Norb Vonnegut culls three lessons from HBO's recent Bernie Madoff biopic. Taken together, they serve as a renewed prompt for investors to consider low-cost index funds. After all, these funds are hardly exclusive. The world is vetting them constantly. So long as investors reinvest dividends and other cash flows back into the funds, the annualized returns are a real measure of investment performance: What you see is what you get. And what’s better than that?
Household finance was once the investment and planning wallflower, but this is no longer the case. Stacked vertically, these three tomes, numbering about 1,000 pages each, could well serve as a footstool. And just as a footstool provides access to something otherwise out of reach, this extensive collection affords readers access to a rich chronology of developments in this field hitherto dispersed in academic journals.
What do you need to do to survive in the wealth management industry today? Two words: Differentiate yourself. That was the message delivered by Isaac Presley, CFA, Blair duQuesnay, CFA, and John T. Elmes II, CFA, during a discussion on building a client-oriented culture at the 70th CFA Institute Annual Conference in Philadelphia.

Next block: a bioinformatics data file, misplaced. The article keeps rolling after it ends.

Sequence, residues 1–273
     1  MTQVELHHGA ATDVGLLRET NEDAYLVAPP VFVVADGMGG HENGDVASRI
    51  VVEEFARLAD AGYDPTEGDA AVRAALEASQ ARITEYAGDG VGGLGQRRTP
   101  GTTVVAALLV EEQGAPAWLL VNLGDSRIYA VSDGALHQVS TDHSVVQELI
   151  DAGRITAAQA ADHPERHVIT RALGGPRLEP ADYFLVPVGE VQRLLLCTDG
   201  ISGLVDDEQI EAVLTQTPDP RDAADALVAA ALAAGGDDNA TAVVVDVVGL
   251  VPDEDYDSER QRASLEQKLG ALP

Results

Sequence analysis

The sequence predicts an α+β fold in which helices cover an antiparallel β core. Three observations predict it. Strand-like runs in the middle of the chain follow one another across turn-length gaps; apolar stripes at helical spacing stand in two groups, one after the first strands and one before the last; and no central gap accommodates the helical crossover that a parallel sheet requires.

Identifying a client’s emotional profile and understanding how those emotions influence financial decisions can help advisers keep the client on course through difficult times.
We are socialized to believe that we get what we pay for. In the case of trustee and planning services, does the lack of a stated fee imply to clients that these services have little value? Preston McSwain offers his perspective.
Jason Voss, CFA, and C. Thomas Howard have questioned many orthodoxies of modern portfolio theory (MPT). But what do they propose to take their place? Behavioral finance.
Blockchain is an often discussed, rarely understood topic. What is it all about? What changes will it bring to financial services? What are the benefits and road blocks? Larry Cao, CFA, asked Jennifer Qin of Deloitte for her take on these questions.
With a combined market capitalization of $10 trillion, the Shenzhen and Shanghai stock exchanges are the second largest in the world, writes Tony Tan, DBA, CFA, and recent research demonstrates that, contrary to popular perception, they don't move in lockstep or mostly in response to macro factors. Investors searching for alpha cannot ignore them.
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